“hand me a washcloth please, i need to comb my hair…”

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my mother told me that my grandfather used to say this. a man i never remember with hair on his head, not even in ancient curled black and white photos of when he and my grandmother were first married. he was a funny, rascally kind of guy and i know he would have been utterly amused with my newly shorn self.

so i was shorn on halloween, which makes me smile. every hair dresser in the salon had a wig on that day for the holiday and o’dell, my hairdresser extraordinaire, tried to convince me it was in my honor. which made me smile. my hair had just started to go on sunday, shimmering comb fulls of  my hair. monday it was filling a brush and on tuesday i could pull out long hand fulls, like pulling cotton candy.

there was nothing traumatic about it at all. it was fascinating to me. it did not hurt, it was just shedding. i was like a malamute in july. it became almost impossible to leave it alone. like peeling a sunburn or messing with a loose tooth.  i had started taking all of it out to the garden for the birds to make nests with. on wednesday morning i took an enormous hairball out to the garden and made an autumnal still life with it and the last of the tomatoes, coleus and  fallen leaves. like a tiny cousin it. an offering of my former self to the earth and the sky. i saved a hand full for a keepsake and what was left on the salon floor was just, swept away.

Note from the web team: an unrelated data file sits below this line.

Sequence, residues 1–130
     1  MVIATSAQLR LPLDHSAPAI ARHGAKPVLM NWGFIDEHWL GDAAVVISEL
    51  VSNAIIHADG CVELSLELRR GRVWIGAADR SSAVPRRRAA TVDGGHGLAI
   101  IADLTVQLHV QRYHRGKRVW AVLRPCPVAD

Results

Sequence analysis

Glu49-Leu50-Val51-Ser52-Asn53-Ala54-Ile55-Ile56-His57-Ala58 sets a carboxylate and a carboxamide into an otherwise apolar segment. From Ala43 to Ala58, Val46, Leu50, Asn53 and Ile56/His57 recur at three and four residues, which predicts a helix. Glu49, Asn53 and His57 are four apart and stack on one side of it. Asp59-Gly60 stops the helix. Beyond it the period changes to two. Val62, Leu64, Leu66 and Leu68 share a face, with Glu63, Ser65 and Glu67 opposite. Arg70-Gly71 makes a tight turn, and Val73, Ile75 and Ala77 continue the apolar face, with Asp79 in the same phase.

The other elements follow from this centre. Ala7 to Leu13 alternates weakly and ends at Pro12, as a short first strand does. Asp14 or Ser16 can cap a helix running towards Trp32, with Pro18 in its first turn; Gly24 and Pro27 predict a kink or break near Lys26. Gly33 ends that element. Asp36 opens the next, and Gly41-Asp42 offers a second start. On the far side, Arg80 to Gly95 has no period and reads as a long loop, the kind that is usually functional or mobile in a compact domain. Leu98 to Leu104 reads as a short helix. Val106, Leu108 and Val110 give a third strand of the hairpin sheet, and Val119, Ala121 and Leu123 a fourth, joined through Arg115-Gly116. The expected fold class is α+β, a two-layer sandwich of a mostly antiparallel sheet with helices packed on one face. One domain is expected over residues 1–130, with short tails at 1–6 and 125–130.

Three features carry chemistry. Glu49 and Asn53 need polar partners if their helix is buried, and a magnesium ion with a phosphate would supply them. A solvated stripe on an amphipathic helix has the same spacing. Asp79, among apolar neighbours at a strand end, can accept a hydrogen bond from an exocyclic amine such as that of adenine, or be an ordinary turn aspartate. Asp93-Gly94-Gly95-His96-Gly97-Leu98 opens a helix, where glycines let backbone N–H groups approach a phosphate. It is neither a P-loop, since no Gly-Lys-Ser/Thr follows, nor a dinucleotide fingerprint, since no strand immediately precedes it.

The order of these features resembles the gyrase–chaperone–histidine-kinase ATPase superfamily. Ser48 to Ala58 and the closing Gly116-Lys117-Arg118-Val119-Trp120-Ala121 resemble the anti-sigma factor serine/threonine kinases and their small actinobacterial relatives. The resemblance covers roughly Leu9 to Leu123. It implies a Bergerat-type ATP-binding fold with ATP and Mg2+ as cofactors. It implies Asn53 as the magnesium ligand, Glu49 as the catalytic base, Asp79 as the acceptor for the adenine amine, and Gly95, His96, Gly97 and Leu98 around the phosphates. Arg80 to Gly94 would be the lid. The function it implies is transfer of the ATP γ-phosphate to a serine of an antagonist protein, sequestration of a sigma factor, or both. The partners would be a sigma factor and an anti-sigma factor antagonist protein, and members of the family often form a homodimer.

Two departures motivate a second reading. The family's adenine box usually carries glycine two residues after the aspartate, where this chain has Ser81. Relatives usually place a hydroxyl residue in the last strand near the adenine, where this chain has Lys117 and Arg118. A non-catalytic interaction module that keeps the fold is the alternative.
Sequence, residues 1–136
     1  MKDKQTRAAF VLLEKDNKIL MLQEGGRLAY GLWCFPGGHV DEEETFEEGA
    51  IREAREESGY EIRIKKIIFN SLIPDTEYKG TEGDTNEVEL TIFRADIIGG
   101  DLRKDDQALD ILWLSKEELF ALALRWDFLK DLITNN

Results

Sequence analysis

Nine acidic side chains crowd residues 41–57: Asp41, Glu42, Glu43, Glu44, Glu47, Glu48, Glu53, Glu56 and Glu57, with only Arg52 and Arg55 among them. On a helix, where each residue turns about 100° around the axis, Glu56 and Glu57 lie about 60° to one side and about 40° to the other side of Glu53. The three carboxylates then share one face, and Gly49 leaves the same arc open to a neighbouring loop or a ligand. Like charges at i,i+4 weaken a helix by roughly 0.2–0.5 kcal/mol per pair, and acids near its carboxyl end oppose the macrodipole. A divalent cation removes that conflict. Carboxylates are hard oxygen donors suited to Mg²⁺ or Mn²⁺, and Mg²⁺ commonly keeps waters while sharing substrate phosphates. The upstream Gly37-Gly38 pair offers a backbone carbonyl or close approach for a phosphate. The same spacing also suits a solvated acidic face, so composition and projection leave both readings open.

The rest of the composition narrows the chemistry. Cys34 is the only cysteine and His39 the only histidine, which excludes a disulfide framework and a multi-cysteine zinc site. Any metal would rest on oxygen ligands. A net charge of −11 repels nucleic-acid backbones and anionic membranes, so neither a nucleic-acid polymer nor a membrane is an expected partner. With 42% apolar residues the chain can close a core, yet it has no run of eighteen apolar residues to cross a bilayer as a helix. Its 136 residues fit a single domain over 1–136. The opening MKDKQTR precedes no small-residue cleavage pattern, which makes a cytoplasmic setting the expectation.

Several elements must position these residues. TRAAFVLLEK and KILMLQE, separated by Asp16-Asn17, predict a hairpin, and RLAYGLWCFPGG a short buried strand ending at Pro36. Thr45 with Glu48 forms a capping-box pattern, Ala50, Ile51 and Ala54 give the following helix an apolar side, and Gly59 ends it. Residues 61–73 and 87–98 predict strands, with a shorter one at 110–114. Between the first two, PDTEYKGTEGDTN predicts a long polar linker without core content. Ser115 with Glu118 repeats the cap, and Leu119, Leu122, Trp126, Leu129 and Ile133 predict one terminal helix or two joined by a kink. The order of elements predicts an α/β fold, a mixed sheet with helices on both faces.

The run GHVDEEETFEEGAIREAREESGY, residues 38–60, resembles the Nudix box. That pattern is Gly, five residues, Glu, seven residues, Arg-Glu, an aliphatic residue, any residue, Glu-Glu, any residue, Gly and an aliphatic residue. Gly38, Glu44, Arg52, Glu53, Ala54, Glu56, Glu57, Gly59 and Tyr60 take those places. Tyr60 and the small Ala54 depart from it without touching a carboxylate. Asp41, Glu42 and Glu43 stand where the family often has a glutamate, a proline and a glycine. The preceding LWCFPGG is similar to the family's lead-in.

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i had a dear friend come with me to film the event and it was all so festive.  i have spend most of my life with short hair, so i had no fear of short hair, but shaved…that was new. these long beautiful tresses i had were grown during the last 4 years. i loved my long hair, but i also loved the extremeness of shaving it all off.

o’dell has worked with an organization called “look good, feel better” for the last 20 plus years, that fits women going through chemo with wigs. he said that many women who had sat in his chair said that they loved pulling out their own hair. he also spoke of the power of not doing it behind closed doors, but out in the open. i could feel everyone’s eyes on me, full of surprise, love and support. one woman in particular did not take her eyes off of me and came over and asked how many chemos i had had. she was a 12 year survivor and was so strong, healthy, powerful  and positive looking. it takes a village…

i also have a sexy new wig. long, reddish hair, a bit longer than my original hair. he fit me for that, and it looks great, very natural. but, i love my shaved look better. the wig will be a fun change of pace, but not the day to day image i had imagined. so interesting. don’t want to cover anything up.

i love my new head. sleek, sexy, and a heightened sense to touch… and cold. gathering a wardrobe of soft beanies for the great winter outdoors.

i feel strong, feminine, and incredibly powerful and empowered. there is no loss in this. it is pure transformation and again i am so curious to see what is next, and yet savoring the right now. i don’t want to miss anything… even though i might like to skip my next chemo which is this tuesday, i am willing to be here for every step of this healing. every step is crucial…